Defining the Pedaling

Defining the Pedaling


Paint anything you want on the canvas.

Create your own world.

~ Bob Ross



I like to notate pedaling choices into my score with a certain degree of precision because pedaling affects every aspect of touch and even dictates interpretation.  I became more aware of my pedaling techniques as some of my advanced students would ask me to notate exactly what I did with the pedal to obtain a certain effect.  Traditional notation doesn’t even come near the complexities of subtle pedaling!  It captures it but fleetingly; even words like half-pedaling, quarter-pedaling or flutter-pedaling only begin to hint at the techniques employed by a virtuoso pedaler.  Horowitz went so far as to say that pedaling is a greater challenge than touch itself.

Pedaling is very closely related to the concept of pause and separation in phrasing (the subject of the following post).  Silence is not always necessary, of course.  Cleaning of the pedal anywhere clarity is sought is a powerful architectural tool.  The student separates ideas and breaks them up unaware, unintentionally, but a master breaks things and separates them deliberately for the greater good.  At the end of phrases, I often find myself very slowly lifting the pedal over a couple seconds or more, gradually dampening the overtones and clarifying the end of an idea.  This is often followed by a brief silence, catching a quick breath of air as I move forward.

Breathing between ideas is of course vocally-inspired and is typical of great pedaling.  Horowitz is the master of this.  Whether in the melody or in any of the inner voices, he manages to clarify with a quick catch of air each entrance of a new voice or phrase. This often negates the need for a special touch to grab the listener’s attention.  A simple flick of the foot creates the negative space on which to begin painting again.

Delineating phrasing can be achieved with a break or clearing of the pedal, and/or a rhythmic pause.  It’s important to be aware which of the two you're doing.  In practice, combining these two techniques and exaggerating them helps to solidify the phrase-capsules (ie smaller phrases or gestures within larger phrases/gestures) and tighten the phrase units.  Even as ideas are later re-linked, something of the separation naturally remains, and this is essential.  Don’t connect things that aren’t meant to be connected!  Doing so makes connecting ideas that ARE meant to be connected more difficult and less meaningful.  Constantly strive to clarify and simplify your phrasing.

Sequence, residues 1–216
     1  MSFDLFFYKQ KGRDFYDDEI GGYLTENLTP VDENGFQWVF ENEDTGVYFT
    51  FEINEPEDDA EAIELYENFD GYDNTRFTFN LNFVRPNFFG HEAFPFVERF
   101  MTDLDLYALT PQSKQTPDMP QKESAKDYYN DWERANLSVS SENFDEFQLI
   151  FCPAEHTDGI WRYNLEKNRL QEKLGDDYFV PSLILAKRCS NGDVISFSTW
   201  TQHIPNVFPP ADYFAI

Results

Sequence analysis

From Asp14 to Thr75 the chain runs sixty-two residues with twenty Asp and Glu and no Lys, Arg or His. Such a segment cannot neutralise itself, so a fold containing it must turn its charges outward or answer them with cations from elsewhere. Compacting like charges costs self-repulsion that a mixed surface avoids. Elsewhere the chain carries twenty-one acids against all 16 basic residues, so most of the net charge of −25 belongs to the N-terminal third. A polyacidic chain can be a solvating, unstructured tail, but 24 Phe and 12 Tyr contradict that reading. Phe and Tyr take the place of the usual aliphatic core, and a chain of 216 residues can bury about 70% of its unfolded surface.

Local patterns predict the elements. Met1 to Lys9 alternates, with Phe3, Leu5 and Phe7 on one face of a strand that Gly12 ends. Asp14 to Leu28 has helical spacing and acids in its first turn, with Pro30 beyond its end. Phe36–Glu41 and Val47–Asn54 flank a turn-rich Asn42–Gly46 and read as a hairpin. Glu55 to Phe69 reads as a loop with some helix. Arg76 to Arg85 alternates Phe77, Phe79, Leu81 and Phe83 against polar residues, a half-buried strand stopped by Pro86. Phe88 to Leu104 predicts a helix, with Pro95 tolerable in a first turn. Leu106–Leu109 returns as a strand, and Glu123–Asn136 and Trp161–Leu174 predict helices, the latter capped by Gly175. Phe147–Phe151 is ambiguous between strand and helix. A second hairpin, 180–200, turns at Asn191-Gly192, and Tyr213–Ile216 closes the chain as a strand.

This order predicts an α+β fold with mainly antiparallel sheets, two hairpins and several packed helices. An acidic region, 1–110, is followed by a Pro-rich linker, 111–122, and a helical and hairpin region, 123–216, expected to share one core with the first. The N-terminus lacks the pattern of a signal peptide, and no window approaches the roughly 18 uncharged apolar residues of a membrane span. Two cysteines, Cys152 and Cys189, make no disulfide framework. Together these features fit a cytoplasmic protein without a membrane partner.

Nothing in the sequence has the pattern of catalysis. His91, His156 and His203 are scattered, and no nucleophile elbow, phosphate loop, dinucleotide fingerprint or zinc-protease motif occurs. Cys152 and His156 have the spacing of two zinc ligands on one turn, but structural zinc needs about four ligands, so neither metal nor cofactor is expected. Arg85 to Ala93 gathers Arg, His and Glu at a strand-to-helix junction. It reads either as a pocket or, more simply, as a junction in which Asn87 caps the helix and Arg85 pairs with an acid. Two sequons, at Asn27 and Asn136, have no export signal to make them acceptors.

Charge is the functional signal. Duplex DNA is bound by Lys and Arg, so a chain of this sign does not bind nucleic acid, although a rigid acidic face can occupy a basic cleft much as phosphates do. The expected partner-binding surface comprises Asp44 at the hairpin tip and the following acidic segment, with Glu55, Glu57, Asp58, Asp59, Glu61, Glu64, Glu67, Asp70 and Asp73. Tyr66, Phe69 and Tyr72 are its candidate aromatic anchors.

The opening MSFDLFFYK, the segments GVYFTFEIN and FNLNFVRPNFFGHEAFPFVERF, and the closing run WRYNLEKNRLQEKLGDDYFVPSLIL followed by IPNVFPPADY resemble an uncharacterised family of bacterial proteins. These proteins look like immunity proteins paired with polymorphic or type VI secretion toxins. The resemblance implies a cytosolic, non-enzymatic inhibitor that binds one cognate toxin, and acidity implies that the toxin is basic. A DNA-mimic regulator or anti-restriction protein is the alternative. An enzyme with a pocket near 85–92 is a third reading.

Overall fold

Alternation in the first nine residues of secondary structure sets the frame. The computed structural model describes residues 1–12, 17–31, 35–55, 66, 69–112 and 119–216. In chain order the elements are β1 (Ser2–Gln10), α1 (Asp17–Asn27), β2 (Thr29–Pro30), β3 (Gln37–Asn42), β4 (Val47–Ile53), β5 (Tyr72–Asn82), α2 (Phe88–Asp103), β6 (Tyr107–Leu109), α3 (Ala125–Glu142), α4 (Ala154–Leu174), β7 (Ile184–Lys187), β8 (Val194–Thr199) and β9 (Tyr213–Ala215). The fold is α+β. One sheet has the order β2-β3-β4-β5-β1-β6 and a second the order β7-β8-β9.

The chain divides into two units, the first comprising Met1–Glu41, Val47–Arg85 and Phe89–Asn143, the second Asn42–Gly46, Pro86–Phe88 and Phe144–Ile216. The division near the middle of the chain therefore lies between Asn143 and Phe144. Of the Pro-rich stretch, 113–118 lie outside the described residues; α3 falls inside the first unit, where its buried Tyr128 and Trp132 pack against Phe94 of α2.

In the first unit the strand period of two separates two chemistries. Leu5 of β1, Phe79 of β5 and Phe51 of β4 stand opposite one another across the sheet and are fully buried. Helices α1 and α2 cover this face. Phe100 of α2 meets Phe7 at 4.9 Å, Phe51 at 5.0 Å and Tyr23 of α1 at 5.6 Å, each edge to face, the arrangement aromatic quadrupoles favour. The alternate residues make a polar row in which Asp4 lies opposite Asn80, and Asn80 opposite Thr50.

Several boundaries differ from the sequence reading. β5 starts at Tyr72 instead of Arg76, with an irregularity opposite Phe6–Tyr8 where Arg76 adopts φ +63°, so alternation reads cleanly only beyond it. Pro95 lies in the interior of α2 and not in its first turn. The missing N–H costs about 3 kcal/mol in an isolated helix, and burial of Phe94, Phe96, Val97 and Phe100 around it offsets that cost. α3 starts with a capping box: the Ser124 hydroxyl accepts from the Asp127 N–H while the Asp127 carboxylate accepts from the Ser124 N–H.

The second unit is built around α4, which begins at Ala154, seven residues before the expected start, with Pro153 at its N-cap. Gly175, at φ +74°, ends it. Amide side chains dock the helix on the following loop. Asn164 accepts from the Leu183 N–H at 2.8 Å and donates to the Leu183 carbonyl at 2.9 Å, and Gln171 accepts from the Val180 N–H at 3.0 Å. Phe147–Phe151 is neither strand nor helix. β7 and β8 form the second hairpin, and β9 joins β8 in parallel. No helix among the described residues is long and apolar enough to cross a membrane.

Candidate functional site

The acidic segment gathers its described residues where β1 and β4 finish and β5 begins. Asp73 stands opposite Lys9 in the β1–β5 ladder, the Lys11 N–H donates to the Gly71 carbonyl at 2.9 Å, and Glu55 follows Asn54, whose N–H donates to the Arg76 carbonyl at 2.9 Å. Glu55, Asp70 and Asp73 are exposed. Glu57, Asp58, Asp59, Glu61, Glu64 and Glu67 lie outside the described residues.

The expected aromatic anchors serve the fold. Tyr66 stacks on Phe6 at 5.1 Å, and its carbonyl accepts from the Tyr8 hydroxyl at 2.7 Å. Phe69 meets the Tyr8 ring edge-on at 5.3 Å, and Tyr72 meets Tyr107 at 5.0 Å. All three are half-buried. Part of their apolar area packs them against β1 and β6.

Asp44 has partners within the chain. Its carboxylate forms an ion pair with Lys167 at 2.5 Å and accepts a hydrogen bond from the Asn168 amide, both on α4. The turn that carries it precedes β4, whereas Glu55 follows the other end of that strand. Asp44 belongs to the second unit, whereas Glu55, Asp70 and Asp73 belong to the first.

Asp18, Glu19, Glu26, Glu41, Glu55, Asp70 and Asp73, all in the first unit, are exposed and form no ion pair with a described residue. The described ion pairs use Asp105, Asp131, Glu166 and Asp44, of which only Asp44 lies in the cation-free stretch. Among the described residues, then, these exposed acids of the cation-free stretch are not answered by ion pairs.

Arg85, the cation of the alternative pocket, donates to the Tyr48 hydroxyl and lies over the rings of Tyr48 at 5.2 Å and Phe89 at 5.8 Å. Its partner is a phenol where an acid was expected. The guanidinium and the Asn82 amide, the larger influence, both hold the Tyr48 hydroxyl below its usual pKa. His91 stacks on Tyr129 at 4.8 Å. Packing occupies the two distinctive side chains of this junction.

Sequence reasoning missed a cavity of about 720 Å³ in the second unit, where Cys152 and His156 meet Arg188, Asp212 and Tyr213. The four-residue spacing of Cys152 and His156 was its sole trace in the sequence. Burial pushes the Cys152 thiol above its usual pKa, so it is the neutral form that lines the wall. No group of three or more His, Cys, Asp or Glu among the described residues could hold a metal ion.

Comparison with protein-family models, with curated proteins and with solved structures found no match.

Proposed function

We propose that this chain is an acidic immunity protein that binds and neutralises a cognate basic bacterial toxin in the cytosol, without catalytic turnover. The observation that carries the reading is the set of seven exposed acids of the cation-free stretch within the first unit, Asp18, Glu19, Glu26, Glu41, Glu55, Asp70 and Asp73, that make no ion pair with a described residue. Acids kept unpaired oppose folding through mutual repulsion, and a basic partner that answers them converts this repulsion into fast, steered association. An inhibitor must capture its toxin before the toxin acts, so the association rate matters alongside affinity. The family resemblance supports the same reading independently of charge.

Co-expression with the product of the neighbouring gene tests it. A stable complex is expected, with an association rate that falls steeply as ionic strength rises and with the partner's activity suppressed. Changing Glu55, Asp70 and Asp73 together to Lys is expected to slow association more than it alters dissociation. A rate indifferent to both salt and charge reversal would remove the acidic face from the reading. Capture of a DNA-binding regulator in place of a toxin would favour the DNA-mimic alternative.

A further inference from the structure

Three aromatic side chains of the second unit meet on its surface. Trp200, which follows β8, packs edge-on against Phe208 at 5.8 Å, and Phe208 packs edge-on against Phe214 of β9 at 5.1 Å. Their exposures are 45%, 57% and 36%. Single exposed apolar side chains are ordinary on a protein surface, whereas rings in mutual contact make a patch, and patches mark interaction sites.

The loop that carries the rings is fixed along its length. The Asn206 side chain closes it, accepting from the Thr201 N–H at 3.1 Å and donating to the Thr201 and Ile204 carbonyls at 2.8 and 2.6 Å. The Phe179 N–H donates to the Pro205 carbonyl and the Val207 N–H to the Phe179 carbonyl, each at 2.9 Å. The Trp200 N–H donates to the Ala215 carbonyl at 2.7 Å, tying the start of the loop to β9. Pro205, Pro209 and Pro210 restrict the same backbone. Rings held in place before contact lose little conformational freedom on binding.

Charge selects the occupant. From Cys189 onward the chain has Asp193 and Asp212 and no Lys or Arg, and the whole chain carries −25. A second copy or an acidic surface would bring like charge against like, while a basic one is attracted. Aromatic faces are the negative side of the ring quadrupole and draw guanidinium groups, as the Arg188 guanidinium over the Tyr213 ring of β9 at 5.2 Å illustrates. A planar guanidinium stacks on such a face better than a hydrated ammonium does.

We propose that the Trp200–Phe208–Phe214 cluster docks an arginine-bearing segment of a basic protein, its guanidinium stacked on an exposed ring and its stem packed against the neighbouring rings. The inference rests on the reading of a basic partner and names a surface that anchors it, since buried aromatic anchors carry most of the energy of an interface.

What’s quarter-pedaling?  What’s a half-pedal?  Do you measure from the top of the pedal or the bottom?  Every piano is different and every space is different.  Just as you are the piano, the piano is the space it occupies.  Yet it’s sometimes surprising how intact a well-conceived pedaling plan travels.  Usually only minor alterations are required to adjust to the piano and the acoustic.  The rule of thumb is to always pedal with your ear, but one of the purposes of these pages is to encourage you to move beyond vague precepts into precise thought, and then forget again.

If you’re like most pianists, you probably haven’t given much thought to the relationship of the pedal to the dampers and the dampers to the strings.  It’s never an all-or-nothing situation, wet or dry.  In resting position the dampers are pressed against the strings with enough pressure that they won’t sound when other notes are depressed.  The piano technician has to be careful to establish enough pressure to achieve this while not creating so much tension that the dampers elicit a sort of plucked sound from the strings when they're lifted.

The pedal is the seashore.  Where does the shore end and the sea begin?  The sand twenty yards from the lapping water is so arid that taken out of context it could pass for the Sahara.  Yet at a certain point not always obvious, it becomes slightly moist.  Dig down even a couple inches and you’ll find mud.  Walk a little closer and the surface sand becomes visibly moist.  Not yet wet, but cool.  Great for making sand castles.  A couple feet closer and the remains of waves past will lick your feet.   Finally, after infinite gradations, you’ll reach water, that is, water that flows above the sand.  Still, it only touches the soles of your feet.  With every step into it, the effect of the water is new.  Can waves brushing against your feet compare to wading in up to your waste or neck?  Can wading compare to the full plunge or underwater explorations?